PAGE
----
The Presidential Daily Brief

Important

  1. climate change

    World Laments US Withdrawal From Paris Climate Deal

    Following Washington's formal notice yesterday that it's ditching the global pact to cut greenhouse emissions, officials from France and Japan were among those to publicly express disappointment. Secretary of State Mike Pompeo described the agreement as a "straitjacket" that would place an "unfair economic burden" on the United States, and argued for a "realistic and pragmatic model."

    What's next? Global diplomats are planning around America's absence — though it won't be finally determined until after next year's presidential election.

    Read this OZY feature about why climate change is wearing donors down.

  2. Ex-Ukraine Ambassador Felt Targeted by Trump

    According to transcripts released yesterday, Marie Yovanovitch told impeachment investigators last month she felt targeted by White House efforts to set up a shadow foreign policy in Ukraine that excluded her. Yovanovitch, who was suddenly pulled from Kyiv in May amid a smear campaign against her, also claimed Gordon Sondland, U.S. ambassador to the European Union, suggested that tweeting her support for President Donald Trump might save her job.

    Why does it matter? Her testimony sheds light on the level of hostility she felt as a career diplomat caught in what's been described as an "attempted shakedown" of a foreign partner.

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    Iran Steps Further Away From Nuclear Agreement

    The already-collapsing 2015 pact is under more duress after Tehran revealed plans today to power up 1,044 centrifuges with uranium gas on Wednesday. The announcement came a day after Iran's nuclear chief said it had doubled the number of active advanced centrifuges. It also followed demonstrations in Tehran marking the 40th anniversary of the 1979 U.S. embassy takeover, which sparked a 444-day hostage crisis.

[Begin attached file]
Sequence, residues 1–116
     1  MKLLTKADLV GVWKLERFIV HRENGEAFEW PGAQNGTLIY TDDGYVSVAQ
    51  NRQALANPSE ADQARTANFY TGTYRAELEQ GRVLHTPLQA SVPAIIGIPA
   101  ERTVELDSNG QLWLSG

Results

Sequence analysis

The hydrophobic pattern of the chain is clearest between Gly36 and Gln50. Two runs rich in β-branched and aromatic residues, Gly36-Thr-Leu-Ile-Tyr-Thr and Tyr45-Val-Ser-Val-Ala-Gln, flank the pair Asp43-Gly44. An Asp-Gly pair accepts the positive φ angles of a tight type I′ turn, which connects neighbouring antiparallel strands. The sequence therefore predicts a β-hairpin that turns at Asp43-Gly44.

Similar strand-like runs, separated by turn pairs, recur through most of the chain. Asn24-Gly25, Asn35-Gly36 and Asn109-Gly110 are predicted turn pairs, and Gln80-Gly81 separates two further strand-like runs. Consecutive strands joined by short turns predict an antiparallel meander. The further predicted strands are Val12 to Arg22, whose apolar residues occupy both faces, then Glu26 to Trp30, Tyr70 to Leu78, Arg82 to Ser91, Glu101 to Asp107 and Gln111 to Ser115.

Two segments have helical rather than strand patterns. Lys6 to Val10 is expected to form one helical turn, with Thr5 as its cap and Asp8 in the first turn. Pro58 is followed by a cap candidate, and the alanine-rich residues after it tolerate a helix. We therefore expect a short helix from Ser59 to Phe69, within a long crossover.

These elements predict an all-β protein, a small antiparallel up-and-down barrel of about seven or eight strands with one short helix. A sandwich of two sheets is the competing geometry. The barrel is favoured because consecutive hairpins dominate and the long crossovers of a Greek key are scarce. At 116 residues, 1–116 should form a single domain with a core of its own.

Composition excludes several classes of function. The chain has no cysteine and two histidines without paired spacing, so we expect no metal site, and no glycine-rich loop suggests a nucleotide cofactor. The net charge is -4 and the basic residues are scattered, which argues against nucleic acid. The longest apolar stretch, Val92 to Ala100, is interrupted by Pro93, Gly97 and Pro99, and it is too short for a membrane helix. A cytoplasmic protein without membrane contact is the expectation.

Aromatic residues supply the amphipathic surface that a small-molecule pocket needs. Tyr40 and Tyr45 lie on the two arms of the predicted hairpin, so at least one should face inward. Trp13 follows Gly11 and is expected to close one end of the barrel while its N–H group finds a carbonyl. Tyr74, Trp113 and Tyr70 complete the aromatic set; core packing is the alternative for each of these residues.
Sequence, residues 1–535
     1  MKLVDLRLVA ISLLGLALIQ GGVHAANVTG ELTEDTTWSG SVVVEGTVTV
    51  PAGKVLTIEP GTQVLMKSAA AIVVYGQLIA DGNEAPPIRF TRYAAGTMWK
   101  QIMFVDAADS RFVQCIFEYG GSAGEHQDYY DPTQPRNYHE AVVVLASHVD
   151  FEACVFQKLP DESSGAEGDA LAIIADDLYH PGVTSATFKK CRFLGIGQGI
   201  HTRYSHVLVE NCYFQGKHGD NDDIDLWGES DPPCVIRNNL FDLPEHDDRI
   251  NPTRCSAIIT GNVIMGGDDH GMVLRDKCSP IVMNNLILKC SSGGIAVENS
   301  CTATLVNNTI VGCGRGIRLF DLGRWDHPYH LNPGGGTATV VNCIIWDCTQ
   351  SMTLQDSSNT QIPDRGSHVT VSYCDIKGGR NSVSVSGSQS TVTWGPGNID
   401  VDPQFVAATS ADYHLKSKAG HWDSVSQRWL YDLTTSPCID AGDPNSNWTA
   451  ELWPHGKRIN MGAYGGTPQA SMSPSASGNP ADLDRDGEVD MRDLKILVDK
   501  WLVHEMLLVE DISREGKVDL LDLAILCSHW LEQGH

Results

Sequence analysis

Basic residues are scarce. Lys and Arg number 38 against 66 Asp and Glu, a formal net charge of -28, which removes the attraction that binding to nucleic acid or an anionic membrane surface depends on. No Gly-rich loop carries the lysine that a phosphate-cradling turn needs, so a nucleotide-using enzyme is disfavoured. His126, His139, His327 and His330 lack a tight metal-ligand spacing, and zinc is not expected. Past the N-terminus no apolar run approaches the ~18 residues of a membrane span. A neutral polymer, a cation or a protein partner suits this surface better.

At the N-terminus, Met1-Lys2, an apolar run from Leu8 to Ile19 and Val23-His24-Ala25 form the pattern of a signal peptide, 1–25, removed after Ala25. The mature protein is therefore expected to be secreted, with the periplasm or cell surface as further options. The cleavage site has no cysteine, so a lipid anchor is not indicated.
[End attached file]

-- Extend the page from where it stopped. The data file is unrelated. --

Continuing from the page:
Is there any way back? While this week's developments speed up Iran's access to weaponized nukes, experts say they also put political pressure on Europe to let Tehran sell its oil.

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    US-China Trade Deal Hinges on Tariff Rollbacks

    "Both governments have to give to get." That's how a senior U.S. Chamber of Commerce official described the final hurdle before Beijing and Washington can end their trade war. Ahead of a potential "phase one" deal, the White House is reportedly considering scrapping tariffs on more than $100 billion worth of Chinese imports while also delaying other levies set to take effect Dec. 15.

    Who will hammer out the deal? Analysts say it may come down to Trump and Chinese President Xi Jinping personally striking an agreement.

    Don't miss OZY's Fast Forward about the GOP's revolt against elite tax cuts.

  5. Also Important...

    Turkish authorities say they've captured the sister of deceased ISIS leader Abu Bakr al-Baghdadi. Several Iraqi protesters were killed yesterday in clashes with police. And former Trump confidant Roger Stone goes on trial in Washington today on charges of lying to Congress, obstruction of justice and witness tampering.

    #OZYfact: German Chancellor Angela Merkel’s government is planning a $18.7 billion development package to support the transition away from coal. Read more on OZY.